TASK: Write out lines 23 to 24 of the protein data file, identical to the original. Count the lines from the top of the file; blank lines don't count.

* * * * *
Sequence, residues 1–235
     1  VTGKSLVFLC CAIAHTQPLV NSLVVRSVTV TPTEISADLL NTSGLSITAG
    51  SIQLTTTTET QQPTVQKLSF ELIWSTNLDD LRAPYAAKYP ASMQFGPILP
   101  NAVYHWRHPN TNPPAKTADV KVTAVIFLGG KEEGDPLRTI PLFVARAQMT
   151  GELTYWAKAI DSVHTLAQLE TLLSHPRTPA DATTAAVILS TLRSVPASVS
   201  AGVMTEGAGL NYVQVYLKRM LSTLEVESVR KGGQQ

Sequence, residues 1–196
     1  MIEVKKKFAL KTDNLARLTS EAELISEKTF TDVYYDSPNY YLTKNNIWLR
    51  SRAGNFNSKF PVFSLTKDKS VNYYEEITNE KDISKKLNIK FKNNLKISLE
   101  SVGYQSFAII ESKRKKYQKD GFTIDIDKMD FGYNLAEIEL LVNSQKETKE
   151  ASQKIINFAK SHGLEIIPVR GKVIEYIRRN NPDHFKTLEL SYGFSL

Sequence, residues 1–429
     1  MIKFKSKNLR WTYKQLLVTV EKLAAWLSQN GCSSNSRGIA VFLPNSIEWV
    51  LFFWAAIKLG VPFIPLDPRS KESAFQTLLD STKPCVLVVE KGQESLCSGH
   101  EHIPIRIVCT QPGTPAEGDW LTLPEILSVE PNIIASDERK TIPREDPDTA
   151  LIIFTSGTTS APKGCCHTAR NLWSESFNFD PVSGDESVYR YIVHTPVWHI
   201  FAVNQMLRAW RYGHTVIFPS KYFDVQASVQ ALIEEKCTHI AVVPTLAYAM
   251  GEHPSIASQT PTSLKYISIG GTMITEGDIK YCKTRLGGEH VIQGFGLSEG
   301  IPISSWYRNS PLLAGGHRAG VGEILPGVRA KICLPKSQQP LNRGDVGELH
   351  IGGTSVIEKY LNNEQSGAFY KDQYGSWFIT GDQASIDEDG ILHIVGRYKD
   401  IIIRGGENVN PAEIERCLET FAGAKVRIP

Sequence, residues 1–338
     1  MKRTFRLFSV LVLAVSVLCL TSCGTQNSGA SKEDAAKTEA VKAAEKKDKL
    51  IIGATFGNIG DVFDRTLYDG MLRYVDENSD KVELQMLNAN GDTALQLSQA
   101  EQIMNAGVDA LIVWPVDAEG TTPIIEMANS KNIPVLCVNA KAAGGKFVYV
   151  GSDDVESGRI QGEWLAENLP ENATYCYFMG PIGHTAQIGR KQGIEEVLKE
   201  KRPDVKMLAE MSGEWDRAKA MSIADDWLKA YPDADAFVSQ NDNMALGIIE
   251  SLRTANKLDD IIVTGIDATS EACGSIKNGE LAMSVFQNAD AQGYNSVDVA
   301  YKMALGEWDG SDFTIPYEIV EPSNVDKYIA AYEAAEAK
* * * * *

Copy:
     1  MKRTFRLFSV LVLAVSVLCL TSCGTQNSGA SKEDAAKTEA VKAAEKKDKL
    51  IIGATFGNIG DVFDRTLYDG MLRYVDENSD KVELQMLNAN GDTALQLSQA